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Episode 36: Charles Manson Parole Hearing

This morning, Charles Manson’s existential parole finally ran out.

In 1971, Charles Manson was found guilty of first-degree murder and conspiracy to commit murder for the deaths of seven people – including the actress Sharon Tate – all of which were carried out by members of the group at his instruction. Manson also received first-degree murder convictions for two other deaths. He was originally sentenced to death, but his sentence was commuted to life imprisonment when California invalidated the state’s death penalty statute in 1972. His sentence was commuted to life. From Vacaville, he was transferred to California State Prison in Corcoran, where this hearing took place.

Manson was 62 at this 1997 parole hearing, the last one he attended. He stopped showing up because he knew the hearings were a charade, and he would never be released. His paranoid rant is eloquently phrased, but the phrases are disconnected and make sense only to him. Like the sermon of a hypocritical preacher, his rhythms are hypnotic but they have no foundation. “You can’t get into the real estate,” he says and one point, “because Pasadena is a submarine that’s run by Gerry Hoover, who’s over in the chapel, who comes from Columbia with the drug cartel saying he got money with two girls and he’s taking that pussy…”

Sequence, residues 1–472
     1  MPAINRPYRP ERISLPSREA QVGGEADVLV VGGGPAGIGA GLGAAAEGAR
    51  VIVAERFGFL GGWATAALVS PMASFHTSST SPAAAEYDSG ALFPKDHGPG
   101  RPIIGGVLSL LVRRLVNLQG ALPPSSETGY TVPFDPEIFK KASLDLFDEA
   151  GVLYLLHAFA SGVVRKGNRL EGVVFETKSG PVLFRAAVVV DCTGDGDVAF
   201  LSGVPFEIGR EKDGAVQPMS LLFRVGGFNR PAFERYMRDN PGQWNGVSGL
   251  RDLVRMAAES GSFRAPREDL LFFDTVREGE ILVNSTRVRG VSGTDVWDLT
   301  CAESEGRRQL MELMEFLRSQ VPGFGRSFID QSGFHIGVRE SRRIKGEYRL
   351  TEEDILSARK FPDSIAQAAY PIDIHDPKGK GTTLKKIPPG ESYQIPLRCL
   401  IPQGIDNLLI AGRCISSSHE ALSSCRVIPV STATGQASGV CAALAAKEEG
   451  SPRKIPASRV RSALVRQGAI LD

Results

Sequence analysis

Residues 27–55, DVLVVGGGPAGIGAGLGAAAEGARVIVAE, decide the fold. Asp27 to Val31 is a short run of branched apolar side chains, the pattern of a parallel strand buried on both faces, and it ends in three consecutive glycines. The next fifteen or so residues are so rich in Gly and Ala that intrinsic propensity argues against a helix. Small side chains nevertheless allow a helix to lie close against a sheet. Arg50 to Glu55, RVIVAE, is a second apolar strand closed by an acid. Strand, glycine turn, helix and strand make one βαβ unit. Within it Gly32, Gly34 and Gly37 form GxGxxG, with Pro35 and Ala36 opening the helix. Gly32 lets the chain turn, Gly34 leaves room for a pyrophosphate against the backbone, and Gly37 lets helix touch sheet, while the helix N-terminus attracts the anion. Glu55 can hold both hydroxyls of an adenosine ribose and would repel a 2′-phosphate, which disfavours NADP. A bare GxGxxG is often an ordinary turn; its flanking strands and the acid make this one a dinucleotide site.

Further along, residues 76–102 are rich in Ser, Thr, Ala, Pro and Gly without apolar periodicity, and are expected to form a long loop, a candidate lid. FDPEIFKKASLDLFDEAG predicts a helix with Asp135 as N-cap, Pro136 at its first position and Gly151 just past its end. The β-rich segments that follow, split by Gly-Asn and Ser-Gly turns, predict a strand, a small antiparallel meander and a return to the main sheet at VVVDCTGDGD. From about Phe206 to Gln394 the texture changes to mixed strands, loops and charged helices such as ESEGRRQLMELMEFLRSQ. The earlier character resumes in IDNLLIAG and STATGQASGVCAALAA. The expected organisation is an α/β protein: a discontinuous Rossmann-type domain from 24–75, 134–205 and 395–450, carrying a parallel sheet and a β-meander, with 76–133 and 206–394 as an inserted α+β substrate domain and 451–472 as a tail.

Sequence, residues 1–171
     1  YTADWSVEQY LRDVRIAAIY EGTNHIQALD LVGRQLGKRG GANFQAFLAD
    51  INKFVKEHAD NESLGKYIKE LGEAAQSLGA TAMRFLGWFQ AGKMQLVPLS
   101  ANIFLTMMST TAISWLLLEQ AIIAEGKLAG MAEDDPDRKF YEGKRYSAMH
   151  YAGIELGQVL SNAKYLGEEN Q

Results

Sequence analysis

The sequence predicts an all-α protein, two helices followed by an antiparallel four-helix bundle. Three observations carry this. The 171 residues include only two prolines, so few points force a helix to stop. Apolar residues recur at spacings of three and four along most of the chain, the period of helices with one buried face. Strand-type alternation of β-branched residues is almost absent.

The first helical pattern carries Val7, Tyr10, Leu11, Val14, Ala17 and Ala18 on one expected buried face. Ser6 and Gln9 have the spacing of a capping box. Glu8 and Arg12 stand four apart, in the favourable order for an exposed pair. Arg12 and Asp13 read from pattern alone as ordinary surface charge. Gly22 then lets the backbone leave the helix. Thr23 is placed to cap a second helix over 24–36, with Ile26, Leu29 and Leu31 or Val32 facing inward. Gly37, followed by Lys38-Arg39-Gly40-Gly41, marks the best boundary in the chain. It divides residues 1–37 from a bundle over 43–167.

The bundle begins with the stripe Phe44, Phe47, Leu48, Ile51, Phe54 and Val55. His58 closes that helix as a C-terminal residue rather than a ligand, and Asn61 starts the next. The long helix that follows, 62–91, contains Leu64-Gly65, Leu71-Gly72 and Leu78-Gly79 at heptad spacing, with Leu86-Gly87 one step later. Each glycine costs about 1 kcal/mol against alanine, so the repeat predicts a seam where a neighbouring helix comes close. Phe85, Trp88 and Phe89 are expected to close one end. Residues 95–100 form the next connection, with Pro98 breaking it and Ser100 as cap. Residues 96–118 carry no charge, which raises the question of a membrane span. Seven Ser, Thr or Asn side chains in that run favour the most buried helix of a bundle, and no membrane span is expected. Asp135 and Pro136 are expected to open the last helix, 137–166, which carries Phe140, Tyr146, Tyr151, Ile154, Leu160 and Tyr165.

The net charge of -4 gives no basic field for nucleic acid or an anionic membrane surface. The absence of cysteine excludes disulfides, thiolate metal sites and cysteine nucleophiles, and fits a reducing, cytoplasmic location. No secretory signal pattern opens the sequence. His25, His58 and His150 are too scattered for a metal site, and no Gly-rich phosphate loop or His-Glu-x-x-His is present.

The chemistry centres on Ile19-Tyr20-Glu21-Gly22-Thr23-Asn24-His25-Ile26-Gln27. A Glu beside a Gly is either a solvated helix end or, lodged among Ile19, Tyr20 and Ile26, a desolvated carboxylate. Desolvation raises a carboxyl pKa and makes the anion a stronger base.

The Parole Commissioner, Steve Baker, reads sections of a report from a psychiatrist who interviewed Manson, Dr. Wayne O. Evans, who wrote, “As usual, inmate Manson spoke in metaphor and allegory,and on occasion had to be reminded to be more linear and concrete. He has a clinical history of exercising control, manipulation, and power over his associates and followers, fueled by narcissistic rage for real or imagined slights … he exhibits some signs of schizoaffective personality disorder; once in a while he does revert to magical thinking and flights of fancy, but more in allegory and metaphor than in a delusional system. … He has considerable artistic ability, and should be encouraged to pursue such controlled outlets for this expression.”

Manson responds, “Whoever did that did a really good job, didn’t he? Yeah, that was a real nice report. I thought the guy had a lot of good things down there, pretty much. I’m a lot of those things. He’s making me look a little better than I really am, but whatever it takes is where I have to roll.”

R.I.P, Charlie.

Listen to the parole hearing here.

More information about the Manson case here